Day 2: San Francisco

The next morning arrived uneventfully; neither one of us had been murdered in our face.  At our friend’s recommendation, we had breakfast at Left Coast Depot in Novato.  We began planning our day as we plowed through a most unladylike quantity of food.  We tapped into dear Douglas’ local knowledge and followed his advice on everything: ‘Take the Ferry to Alcatraz, eat dinner at Farralon, and stay at the Hotel Triton.’  

View of San Francisco from Alcatraz Island.

Our touristic diversion for the day was a trip to Alcatraz Island, the infamous decommissioned federal prison. The views of San Francisco from the island were spectacular; a perspective on the city unique to this excursion.  The audio tour of the prison, particularly the portrayal of the 3-day “Battle of Alcatraz” in 1946, was gripping. For all its history and notoriety, it’s surprising that the prison was only in operation for 29 years.  

The stylish Hotel Triton in San Francisco

Upon return from our voyage, we made our way to the Hotel Triton, a boutique hotel near Union Square.  The décor of our room, designed by Nicole Hollis, was playful, with turquoise wainscoting and the first draft of Jack Kerouac’s “On the Road” printed on the wallpaper. The Frette linens on the bed were exceptionally comfortable for sleeping, though their slippery smoothness made for exceptionally awkward lovemaking.  Other attractions include the “Haagen-Dazs Sweet Suite,” the “J. Garcia Suite,” and the “Kathy Griffin D-List Suite.”

Image Courtesy of Jetsetter.com

Before dinner, we tarted ourself up with new duds from Banana Republic’s flagship store, which was having a 40% off sale, storewide. Cha-ching.  It was a sale big enough to offset the dismal US-Canadian exchange rate, so we went big.  Americans, if you didn’t know it: the shitty exchange rate means that the entire country is 30% off.  Visit Canada!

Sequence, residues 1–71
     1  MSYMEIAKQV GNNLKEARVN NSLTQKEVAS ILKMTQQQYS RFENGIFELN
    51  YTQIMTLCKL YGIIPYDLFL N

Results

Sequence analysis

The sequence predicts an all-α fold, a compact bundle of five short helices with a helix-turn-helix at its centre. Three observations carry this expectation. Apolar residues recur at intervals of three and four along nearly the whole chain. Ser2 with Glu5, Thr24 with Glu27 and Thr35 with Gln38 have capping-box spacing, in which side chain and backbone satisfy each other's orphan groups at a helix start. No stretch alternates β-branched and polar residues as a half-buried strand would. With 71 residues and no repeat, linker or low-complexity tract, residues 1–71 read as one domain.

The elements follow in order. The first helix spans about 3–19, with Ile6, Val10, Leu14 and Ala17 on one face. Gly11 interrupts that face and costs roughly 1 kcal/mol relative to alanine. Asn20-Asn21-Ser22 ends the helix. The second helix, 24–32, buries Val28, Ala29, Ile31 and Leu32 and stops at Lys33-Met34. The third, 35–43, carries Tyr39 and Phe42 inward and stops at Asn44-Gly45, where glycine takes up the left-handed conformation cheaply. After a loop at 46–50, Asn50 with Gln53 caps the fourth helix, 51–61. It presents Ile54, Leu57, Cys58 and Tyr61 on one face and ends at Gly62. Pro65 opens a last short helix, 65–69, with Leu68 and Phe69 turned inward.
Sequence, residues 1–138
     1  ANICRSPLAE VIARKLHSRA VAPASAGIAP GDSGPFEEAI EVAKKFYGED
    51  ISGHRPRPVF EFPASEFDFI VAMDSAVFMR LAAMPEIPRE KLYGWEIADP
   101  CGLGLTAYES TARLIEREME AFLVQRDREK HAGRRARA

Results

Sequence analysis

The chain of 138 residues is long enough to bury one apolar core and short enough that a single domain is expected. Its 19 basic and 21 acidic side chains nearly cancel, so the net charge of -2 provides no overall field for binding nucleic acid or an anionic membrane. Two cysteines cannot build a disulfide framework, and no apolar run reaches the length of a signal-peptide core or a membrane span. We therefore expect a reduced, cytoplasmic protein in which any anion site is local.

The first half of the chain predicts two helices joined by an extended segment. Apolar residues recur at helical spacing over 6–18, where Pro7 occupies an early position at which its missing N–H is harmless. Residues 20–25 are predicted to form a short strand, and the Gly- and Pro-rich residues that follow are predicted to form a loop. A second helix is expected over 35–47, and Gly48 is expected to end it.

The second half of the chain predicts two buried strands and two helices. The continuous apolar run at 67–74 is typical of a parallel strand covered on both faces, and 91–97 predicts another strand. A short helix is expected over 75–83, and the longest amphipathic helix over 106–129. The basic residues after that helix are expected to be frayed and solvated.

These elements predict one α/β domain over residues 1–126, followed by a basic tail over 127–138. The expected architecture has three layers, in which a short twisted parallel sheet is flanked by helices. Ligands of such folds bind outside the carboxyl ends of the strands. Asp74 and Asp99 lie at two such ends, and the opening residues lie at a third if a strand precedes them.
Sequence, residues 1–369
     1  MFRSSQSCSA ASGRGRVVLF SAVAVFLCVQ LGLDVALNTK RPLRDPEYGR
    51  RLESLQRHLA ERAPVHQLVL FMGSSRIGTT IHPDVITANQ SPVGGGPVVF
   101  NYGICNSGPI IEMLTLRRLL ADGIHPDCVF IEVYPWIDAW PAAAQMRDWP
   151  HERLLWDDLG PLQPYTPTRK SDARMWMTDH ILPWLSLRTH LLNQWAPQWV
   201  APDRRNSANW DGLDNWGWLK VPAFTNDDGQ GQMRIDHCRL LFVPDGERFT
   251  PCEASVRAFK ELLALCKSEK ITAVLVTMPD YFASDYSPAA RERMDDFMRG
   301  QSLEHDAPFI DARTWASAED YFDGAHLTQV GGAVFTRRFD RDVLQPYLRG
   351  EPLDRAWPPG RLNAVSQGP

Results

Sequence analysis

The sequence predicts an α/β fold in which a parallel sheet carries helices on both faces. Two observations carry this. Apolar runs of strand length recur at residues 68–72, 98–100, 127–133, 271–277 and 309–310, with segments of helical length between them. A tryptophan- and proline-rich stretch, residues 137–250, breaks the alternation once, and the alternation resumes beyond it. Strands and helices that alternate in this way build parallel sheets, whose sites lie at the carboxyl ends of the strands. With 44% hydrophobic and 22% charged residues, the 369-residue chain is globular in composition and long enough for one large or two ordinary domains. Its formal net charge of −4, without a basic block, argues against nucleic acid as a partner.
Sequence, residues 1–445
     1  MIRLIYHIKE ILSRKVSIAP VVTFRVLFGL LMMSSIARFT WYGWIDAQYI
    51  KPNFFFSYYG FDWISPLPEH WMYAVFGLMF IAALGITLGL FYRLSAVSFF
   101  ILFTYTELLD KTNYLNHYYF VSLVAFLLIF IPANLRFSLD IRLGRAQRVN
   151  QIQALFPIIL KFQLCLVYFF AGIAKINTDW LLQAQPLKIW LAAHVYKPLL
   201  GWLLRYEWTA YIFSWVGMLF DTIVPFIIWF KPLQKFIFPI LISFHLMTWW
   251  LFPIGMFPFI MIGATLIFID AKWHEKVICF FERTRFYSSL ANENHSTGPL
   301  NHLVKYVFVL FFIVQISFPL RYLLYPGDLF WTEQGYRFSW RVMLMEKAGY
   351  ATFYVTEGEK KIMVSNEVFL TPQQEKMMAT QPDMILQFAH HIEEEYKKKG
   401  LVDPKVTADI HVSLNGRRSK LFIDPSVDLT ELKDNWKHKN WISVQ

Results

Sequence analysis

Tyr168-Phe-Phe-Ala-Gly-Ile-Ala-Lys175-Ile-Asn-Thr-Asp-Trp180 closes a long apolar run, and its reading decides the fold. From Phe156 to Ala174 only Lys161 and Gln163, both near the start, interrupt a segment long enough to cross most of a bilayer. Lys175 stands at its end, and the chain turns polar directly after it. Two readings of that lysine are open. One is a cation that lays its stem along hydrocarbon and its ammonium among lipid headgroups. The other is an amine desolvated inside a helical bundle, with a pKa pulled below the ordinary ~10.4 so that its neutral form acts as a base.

Glass jellyfish pendants at Farralon

Sufficiently spruced up, we walked to Farralon, the iconic San Francisco seafood restaurant. We started with Paddlefish Caviar, and a Dungeoness Crab Risotto which was essentially the delicious, unholy union between a crab cake and a risotto dish.  Dave, in his capacity as a professional marine biologist, assured me that American Paddlefish Caviar is sustainable, like driving a Prius, whereas Russian Osetra Caviar is environmentally reckless, like driving a 1993 Range Rover Classic across the continent. You can’t be good all the time.

We tickled and giggled our way across the evening, waxing self-congratulatory about our undying love for each other.  I thought he might propose to me, but he did not.  I must have had some tender, pan-roasted Norwegian Cod stuck in my teeth.